That plan consisted of fans mailing 40,000 pounds of peanuts to network execs, referencing a quote from Skeet Ulrich's Jake Green in the season one finale. The tens of thousands of nuts may have seemed like a ridiculous Hail Mary strategy at the time, but they actually ended up working, earning the show a surprise season two renewal. 

However, as it turns out, season two, which only contained seven episodes, was always set to be the show's end, with CBS president Nina Tassler saying in a statement that they wanted to "develop a way to provide closure to the compelling drama that was the Jericho story." Although the show didn't see any jumps in the ratings, fans remained loyal, and talk has continued over the years about a potential film adaptation. While that's unlikely, the show does live on in comic form thanks to IDW Publishing.

The Mindy Project

Mindy Kaling was one of the biggest stars to come out of The Office, but her attempt at leading her own sitcom with The Mindy Project was met with a few production speed bumps. First, the show, starring Kaling as an unlucky in love OBGYN, was passed over before a pilot was filmed by NBC; then, after earning a pickup at Fox, it was canceled after airing three seasons.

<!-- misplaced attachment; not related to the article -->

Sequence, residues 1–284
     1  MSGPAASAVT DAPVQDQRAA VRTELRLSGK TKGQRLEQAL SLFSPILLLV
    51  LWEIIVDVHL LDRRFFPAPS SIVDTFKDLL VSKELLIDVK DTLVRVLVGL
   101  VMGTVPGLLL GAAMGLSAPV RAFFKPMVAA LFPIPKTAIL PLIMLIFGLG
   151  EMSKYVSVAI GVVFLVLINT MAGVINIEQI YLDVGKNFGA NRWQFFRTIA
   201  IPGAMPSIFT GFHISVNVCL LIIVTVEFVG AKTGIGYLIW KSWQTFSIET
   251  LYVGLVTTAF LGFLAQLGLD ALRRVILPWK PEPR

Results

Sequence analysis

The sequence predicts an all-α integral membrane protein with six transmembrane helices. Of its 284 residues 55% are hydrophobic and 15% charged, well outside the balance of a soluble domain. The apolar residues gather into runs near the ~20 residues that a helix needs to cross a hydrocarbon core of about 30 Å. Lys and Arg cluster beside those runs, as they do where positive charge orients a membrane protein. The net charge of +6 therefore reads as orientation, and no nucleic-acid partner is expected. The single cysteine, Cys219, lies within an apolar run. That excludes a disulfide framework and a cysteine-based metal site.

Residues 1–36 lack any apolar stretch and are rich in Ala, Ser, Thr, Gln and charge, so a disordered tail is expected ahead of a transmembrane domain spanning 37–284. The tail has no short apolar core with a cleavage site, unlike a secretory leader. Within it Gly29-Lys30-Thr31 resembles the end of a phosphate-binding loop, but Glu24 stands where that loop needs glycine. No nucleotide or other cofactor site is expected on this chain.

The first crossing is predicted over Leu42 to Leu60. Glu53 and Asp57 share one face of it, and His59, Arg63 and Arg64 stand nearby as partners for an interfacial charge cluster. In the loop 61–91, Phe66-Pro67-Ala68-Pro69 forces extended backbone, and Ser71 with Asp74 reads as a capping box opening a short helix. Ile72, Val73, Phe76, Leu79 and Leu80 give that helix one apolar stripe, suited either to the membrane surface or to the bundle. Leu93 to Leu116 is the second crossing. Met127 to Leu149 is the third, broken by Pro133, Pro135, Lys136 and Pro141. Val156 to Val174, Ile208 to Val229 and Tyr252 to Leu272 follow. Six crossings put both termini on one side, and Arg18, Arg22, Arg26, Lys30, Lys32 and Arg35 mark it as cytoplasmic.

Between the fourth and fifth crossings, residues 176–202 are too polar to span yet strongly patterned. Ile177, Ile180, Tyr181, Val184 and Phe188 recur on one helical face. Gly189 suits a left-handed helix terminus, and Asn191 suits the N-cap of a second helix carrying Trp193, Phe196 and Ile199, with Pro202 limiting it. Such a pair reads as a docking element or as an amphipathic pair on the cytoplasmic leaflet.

Luckily for fans, Hulu swooped in and picked up the show for a fourth season. Bravo and TBS also reportedly expressed interest in the show, which earned critical acclaim despite its low ratings. The move was one of the service's first original content deals, encouraged because they already had streaming rights to the rest of the show's episodes.

This ended up being key to the pick-up, with execs saying that the show did better numbers in online viewing than it had on the network. The show brought an instantly recognizable name to the in-house lineup and would go on to air two more seasons on the service before signing off in the fall of 2017 — and Hulu has continued its strong relationship with Kaling, who is working on a TV adaptation of Four Weddings and a Funeral for the company. 

Family Guy

At this point, Family Guy is basically an institution, airing on Fox for more than 16 seasons. However, the show's long reign was almost cut short before it could even begin — Fox canceled the show after four low-rated seasons. Luckily, they decided to turn around and pick the show back up, a decision they certainly don't regret.